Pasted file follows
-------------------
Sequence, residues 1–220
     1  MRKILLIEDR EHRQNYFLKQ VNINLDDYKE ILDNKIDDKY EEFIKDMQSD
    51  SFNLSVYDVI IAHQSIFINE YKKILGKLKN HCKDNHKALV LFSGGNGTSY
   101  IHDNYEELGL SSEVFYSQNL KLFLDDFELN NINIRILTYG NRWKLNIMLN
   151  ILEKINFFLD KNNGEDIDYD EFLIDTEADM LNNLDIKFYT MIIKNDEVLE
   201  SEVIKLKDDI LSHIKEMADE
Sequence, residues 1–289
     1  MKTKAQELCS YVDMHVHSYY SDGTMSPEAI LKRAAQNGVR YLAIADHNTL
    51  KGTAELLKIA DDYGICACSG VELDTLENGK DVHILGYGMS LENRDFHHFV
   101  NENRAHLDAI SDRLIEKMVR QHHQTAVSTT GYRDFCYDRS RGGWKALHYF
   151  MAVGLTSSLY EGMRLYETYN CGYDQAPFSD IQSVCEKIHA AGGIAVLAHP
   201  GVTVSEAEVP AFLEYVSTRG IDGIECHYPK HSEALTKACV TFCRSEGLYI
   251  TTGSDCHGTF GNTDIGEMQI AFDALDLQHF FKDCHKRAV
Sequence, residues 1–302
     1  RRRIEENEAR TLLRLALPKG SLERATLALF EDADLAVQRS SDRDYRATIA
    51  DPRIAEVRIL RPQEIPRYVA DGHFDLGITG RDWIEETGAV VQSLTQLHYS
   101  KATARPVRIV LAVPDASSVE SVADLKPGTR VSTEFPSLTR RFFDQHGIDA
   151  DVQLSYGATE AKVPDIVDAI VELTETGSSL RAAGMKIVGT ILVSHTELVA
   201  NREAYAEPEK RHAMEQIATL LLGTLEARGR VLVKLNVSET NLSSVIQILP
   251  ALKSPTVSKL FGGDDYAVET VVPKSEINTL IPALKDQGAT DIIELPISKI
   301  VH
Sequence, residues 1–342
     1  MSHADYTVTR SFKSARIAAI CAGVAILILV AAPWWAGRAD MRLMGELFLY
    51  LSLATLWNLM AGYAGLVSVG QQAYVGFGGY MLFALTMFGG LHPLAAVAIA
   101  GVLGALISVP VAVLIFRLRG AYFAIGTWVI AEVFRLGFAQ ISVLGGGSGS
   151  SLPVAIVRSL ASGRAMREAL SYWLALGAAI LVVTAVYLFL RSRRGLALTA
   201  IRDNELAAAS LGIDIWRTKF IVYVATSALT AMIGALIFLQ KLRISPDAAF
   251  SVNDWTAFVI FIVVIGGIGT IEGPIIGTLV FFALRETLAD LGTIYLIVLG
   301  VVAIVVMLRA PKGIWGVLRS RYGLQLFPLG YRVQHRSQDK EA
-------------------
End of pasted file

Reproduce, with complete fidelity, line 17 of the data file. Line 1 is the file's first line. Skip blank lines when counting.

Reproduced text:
   101  KATARPVRIV LAVPDASSVE SVADLKPGTR VSTEFPSLTR RFFDQHGIDA